I was in Nairobi for about 4 days before heading off to Kijabe to visit with Erica, my other good friend whom I met at ABO last year. Erica is a 4th grade teacher at the Rift Valley Academy (RVA) who is crazily preparing her wedding in September. You can read her sweet engagement story on her blog by clicking on her name. Erica's house has this great little upper-room that she so lovingly decorates with flowers the 2 times I've been to visit. It was great getting to catch up with her because we haven't been able to talk much since she went home over Easter to take care of wedding arrangements/ see her fiance/ prepare for a new life in Long Island. One night, we went down to the home of one of her Bible study friends where we had a BBQ and played Cornhole (those pics are also on her latest entry). Most of the people in her Bible study are Kenyan Doctors and are simply hilarious.

While at Kijabe, another good friend from ABO, Barbara, who lives in the desert in northern Kenya was also visiting at RVA; and so while our hostesses worked, we played. Barbara and I went running around the soccer/rugby field in the mornings and laughed it up. Too bad she, and her roommate Charmyn, live on the complete opposite side of Kenya from me (their blogs are also on the right-hand side of my blog page). Also, while at Kijabe, my friends Sybilla and Vic, who are from Bowie, MD (sort of), my home-town, drove out from Nairobi, where they live, and we, along with their son, hiked Mt. Longonot. Mt. Longonot is a dormant volcano and super beautiful from the top. That was such a fun morning; and good to see them again!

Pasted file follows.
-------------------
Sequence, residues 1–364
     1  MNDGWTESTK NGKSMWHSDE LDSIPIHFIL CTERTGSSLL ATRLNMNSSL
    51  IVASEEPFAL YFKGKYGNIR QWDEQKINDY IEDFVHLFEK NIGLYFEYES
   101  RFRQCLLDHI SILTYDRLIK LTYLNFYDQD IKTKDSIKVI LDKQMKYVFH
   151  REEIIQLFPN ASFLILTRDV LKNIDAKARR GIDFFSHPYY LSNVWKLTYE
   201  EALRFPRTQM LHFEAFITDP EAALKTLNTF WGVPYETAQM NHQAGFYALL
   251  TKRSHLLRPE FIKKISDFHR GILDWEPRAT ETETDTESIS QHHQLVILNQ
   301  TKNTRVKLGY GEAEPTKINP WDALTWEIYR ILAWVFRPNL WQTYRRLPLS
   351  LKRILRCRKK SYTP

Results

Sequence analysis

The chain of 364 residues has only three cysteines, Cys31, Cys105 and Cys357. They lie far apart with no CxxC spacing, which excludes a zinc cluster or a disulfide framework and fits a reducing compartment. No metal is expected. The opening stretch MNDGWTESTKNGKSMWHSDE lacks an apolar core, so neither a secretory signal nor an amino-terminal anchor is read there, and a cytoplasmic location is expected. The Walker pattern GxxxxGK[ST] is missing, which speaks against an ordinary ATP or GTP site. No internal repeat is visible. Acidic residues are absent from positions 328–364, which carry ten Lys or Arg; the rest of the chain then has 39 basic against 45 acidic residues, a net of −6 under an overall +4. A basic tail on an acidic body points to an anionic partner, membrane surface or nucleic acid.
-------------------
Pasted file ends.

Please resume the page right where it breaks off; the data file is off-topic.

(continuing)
To get home from Kijabe is always interesting because its not all that easy or fun to just catch a matatu back to Nairobi; and it is much cheaper and better to catch a ride with a RVAer who's planning to go into town. This time, oddly enough, my AIM reps, David and Darlene Noden, who originally assisted me in my preparation for going to Sudan last year, were in-country with a short-term team!! I haven't seen them since 2005 and haven't heard from them since 2007,and so it was a great surprise to ride to town with them! Once in town, I went out to eat at Java House with them and their team. It was the Noden's wedding anniversary too, and so we celebrated that. Later, I said good-bye to them and the team and headed back to Carolyn's house. Oh, and while still in Kijabe, the night before leaving, I received a text that Aerie and Chris were back in-country, a day before I has expected them, and they were leaving for Isibania the next morning! So, I left a day after them, along with Jake and Janine-- just enough time to eat some fantastic fish with Carolyn and take her to Java House for a birthday dessert before she goes back down to Machakos for yet another ABO.
(The Nodens and I)